The visual power of PowerPoint presentations makes them indispensable to effective business communications. But, many sets of slides fail to deliver the desired results. The shortcoming is partly due to limited productivity and lack of collaboration during the production process.
In this instance, "training" means "transferring knowledge to an end-user"; and, “helping" means "guiding an end-user through steps while completing a task".
Helping works better than training because mastery is attained at work, not in classrooms. In other words, learning on the job is the superior way.
Team collaboration, task automation, data security, employee productivity, and return on investment are the common business pursuits. Toward those goals, companies have deployed SharePoint and Office 365.
However, all these business goals are only attainable to the extent that employees actually use the platforms. At the same time, SharePoint and Office 365 adoption remains a major challenge to organizations of all sizes. The idea of "build it; they will come" seldom translates into reality.
Many years ago, I came to the conclusion that thoroughly training end users on SharePoint is a waste of time for both the users and the trainer. You may or may not agree, but this is my conclusion after seeing myself and others like me be unsuccessful attempting this for many years. Read further on how I came to this conclusion and my thoughts on what works in regard to helping SharePoint users.
This is the fourth post in my series about Caveman User Adoption. The first was an overview of 4 Caveman Tenets of user adoption that together create an environment where SharePoint and Office 365 will grow organically. This article is a deeper dive on the third tenet – Simple Solutions. The core idea here is to solve common pain points with something that is satisfyingly simple. Don't design the proverbial solar-powered rocket launcher with GPS and cup-holders when all the users really needed was a club. Clubs are easy to replicate. They cost little to maintain. They have a short learning curve. They are satisfying to use. When you've got a new club - everything looks like a nail.
This is the third post in my series about Caveman User Adoption. The first was an overview of 4 tenets that together create an environment where SharePoint and Office 365 can grow. This article is a deeper dive on the second of those tenets. Measuring adoption is an area where a lot of times we overthink things. We track the wrong things (like page hits and unique visitors for a site) and build solutions that are way more complicated than we needed in order to tell our adoption story.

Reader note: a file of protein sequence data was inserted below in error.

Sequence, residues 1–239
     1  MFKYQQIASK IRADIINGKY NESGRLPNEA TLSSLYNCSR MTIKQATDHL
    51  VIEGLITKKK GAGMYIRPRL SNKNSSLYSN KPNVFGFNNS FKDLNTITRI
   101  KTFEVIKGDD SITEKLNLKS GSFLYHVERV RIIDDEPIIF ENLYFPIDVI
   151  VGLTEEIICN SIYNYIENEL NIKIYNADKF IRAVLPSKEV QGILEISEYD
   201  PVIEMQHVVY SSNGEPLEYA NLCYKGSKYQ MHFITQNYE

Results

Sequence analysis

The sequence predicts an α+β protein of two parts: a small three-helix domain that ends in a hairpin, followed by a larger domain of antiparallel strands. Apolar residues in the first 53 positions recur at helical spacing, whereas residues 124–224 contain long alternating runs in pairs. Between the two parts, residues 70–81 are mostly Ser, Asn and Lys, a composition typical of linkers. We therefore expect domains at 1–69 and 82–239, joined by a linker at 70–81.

This is the second post in my series about Caveman User Adoption. The first was an overview of 4 tenets that together create an environment where SharePoint and Office 365 can grow. This article is a deeper dive on the first tenet – Simple Governance Policies.
I’ve been doing some speaking lately on the topic of user adoption. It’s an important subject, not least of which because so many times we, as an industry, get it wrong. We either ignore it (build it and they will come) or treat it like a project (training classes will be complete by August 1). In my experience, neither of those things work. Success is not rocket science, though. There are many books and posts out there that discuss adoption from more conceptual perspectives related to vision, communications, and human behavioral changes. Those discussions are certainly valid, but I plan to tackle the topic from a more functional perspective and discuss strategies and activities as they apply to the team behind the platform.
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The VisualSP for Site Collections product provides users with training through a convenient Help tab that sits on the right of the screen. Users can move the tab up and down to improve screen viewing, and a quick click opens a menu of help and training topics for the page being viewed.
Microsoft SharePoint has become a popular resource for education organizations, with good reason. The tools available in SharePoint enable users to create, collaborate, approve, and more – all within a secure environment.
The use of SharePoint in academic settings cover a wide spectrum – from a single site where staff, faculty, and administrators collaborate on documents internally to an entire campus dashboard, where faculty and students interact digitally.